Recently I reread this book because it was my turn to pick a book for our book club and I selected this one. It had been a while since I read it, however, so I took it up again. I won’t recapitulate the plot here; you can check my original review if you desire.
This time, I didn’t need to race through to find out what would happen next, and could savor the exquisite language the author uses to express both passion and pain. I felt the pain more too, because I was reading more slowly. The characters Ralph, Catherine, and Antonio suffer from a self-loathing that is expressed in unquenchable lust. They feel doomed to lust as if to hell; but love is not and could never be part of the equation. Thus they could look forward only to loneliness and despair for the rest of their lives. They never had lived with love, and had no idea what it could mean; that, for example, simplicity could be a part of it, or that kindness and forgiveness formed part of its intricate lattice.
They understood lust though. They knew its addictive qualities. They knew that, like any drug, it bestowed the bliss of forgetfulness upon the user. They knew there was a sexual frisson in the very act of self-destructiveness it betokened. They knew it could be a poison for others as well, and that it could serve as an instrument of revenge.
Goolrick invokes the poet Walt Whitman in this book to express the desire for death, but he could have also chosen Auden to testify to the mystery of love. “O tell me the truth about love,” Auden pleaded, and indeed, that is what each character is trying to discover. And Auden could also have conveyed what they felt upon love’s loss:
“The stars are not wanted now; put out every one,
Pack up the moon and dismantle the sun,
Pour away the ocean and sweep up the wood;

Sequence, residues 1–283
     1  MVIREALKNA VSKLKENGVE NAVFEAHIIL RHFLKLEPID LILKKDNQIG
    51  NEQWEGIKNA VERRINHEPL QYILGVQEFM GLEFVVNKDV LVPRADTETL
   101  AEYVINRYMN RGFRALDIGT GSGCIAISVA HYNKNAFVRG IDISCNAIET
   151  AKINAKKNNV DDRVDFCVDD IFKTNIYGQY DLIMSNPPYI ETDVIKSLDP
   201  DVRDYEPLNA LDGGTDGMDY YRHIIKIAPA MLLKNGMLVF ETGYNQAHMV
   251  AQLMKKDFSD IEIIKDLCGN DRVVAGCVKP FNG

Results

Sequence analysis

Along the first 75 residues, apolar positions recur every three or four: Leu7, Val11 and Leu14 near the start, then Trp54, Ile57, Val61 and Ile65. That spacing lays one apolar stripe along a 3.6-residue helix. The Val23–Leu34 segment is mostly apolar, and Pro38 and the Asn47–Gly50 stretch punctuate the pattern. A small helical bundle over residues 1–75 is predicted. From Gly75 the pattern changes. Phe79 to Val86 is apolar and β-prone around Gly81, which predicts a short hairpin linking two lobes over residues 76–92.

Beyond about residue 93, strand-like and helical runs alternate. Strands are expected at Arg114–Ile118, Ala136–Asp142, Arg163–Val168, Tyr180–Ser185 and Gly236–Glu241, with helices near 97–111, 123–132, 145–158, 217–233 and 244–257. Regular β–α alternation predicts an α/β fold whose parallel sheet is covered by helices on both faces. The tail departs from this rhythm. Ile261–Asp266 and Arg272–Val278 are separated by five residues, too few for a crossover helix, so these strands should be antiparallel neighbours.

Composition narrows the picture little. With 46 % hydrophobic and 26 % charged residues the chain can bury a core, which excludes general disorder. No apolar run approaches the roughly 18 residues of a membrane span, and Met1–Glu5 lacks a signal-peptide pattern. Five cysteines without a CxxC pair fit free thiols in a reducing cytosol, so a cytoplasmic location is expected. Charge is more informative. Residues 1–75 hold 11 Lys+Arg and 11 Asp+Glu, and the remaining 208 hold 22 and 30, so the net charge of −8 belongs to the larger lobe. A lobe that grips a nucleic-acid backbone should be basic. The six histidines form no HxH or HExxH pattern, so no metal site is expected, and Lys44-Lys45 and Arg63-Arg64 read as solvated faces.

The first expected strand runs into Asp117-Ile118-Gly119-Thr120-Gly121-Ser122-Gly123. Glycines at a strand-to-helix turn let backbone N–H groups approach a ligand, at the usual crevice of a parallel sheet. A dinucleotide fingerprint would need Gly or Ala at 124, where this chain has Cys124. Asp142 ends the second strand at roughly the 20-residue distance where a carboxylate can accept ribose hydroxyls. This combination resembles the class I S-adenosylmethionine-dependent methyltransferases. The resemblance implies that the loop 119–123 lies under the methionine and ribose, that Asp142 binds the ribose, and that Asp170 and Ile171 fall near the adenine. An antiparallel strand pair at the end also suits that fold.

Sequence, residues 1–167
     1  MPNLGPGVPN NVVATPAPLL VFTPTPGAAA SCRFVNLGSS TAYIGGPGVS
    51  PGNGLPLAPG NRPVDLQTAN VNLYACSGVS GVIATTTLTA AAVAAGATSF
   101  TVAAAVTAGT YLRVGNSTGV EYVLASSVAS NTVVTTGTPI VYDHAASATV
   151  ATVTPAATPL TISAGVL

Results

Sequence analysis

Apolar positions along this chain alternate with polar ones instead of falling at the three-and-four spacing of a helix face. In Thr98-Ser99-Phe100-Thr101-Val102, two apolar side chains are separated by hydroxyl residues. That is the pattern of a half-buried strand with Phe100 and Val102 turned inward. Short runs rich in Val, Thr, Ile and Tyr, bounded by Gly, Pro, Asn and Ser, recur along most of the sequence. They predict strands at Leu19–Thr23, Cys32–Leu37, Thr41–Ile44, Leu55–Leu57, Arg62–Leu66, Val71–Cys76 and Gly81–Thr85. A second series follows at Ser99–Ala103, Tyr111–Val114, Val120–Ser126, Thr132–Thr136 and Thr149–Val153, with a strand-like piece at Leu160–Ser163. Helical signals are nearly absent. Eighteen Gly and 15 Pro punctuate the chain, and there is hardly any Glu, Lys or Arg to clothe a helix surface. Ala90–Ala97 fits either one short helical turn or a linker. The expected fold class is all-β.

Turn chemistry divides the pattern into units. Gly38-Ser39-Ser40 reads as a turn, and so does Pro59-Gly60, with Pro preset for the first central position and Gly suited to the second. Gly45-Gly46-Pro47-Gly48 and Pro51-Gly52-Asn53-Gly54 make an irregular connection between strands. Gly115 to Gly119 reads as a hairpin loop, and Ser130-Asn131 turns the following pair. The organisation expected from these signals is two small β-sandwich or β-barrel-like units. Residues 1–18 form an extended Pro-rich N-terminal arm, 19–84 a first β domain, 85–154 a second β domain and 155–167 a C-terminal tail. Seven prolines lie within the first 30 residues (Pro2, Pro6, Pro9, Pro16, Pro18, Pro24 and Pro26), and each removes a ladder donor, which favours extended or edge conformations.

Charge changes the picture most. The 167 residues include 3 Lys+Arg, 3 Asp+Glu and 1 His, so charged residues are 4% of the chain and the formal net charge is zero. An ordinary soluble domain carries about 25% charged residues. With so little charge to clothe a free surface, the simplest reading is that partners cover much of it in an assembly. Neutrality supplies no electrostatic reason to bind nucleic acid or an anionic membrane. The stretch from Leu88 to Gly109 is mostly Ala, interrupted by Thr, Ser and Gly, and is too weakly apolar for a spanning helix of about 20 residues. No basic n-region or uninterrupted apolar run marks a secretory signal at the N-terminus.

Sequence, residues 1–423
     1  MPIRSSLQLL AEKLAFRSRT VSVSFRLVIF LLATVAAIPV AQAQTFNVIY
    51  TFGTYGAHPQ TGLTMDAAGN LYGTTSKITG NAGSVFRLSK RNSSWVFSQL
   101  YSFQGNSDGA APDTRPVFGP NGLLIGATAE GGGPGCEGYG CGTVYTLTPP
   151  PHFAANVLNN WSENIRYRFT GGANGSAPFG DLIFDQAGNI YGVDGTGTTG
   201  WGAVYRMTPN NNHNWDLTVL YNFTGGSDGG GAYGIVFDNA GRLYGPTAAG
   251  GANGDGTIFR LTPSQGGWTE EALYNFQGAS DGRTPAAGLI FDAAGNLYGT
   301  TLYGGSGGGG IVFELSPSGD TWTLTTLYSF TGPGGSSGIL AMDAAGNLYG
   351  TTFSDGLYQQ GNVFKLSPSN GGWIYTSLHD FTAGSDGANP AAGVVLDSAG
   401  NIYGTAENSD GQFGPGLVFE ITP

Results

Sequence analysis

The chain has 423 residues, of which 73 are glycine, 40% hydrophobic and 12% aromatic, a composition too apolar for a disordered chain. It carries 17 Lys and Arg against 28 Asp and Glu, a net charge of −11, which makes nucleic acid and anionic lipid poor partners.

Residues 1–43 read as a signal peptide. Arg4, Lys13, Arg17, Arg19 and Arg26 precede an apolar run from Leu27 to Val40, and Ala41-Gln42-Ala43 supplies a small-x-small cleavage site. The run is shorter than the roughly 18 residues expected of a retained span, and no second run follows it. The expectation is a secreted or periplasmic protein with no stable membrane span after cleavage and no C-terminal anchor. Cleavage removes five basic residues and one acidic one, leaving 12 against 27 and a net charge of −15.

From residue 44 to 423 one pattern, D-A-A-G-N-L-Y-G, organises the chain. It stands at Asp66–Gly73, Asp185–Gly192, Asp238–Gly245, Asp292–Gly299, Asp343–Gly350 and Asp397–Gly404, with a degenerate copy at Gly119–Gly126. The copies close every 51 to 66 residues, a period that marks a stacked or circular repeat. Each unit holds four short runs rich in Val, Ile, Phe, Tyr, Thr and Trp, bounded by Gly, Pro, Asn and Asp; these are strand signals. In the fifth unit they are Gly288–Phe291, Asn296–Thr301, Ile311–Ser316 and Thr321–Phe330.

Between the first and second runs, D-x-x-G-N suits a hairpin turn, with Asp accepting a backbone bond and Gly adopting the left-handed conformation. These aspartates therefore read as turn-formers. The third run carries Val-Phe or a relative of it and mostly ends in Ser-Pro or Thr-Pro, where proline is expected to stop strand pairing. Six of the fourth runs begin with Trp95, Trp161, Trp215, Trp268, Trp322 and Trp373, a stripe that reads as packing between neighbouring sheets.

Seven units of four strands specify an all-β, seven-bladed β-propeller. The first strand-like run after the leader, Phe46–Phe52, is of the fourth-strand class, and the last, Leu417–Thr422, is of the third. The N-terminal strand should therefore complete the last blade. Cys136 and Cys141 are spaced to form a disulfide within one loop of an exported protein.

For nothing now can ever come to any good.”
And so the characters want to lose themselves and lose awareness through lust; but they also crave restitution with all of their being. They want restitution for the loss of innocence and of the knowledge of kindness; they want restitution for the deprivation of love. They want restitution for the scars that disfigure them inside and out. And so they rail against love.
“[They]. . . .hurt themselves [and] wreck their own lives and then go on to wreck the lives of those around them, who cannot be helped or assuaged by love or kindness or luck or charm, who forget kindness, the feeling and practice of it, and how it can save even the worst, most misshapen life from despair.”
What ultimately saves Catherine is hearing Ralph’s heartbeat, not literally, but figuratively. Ralph believes, in spite of everything, “that there is a persistence of song.” Catherine finds out the truth about love from Ralph, and it astonishes her.
Evaluation: This is book that will sear you to your very soul with its raw pain and psychological insights, and yet it will do so in gorgeous language and with an innovative and spellbinding plot line. I loved it the first time; I loved it even more the second.
Published by Algonquin Books, 2009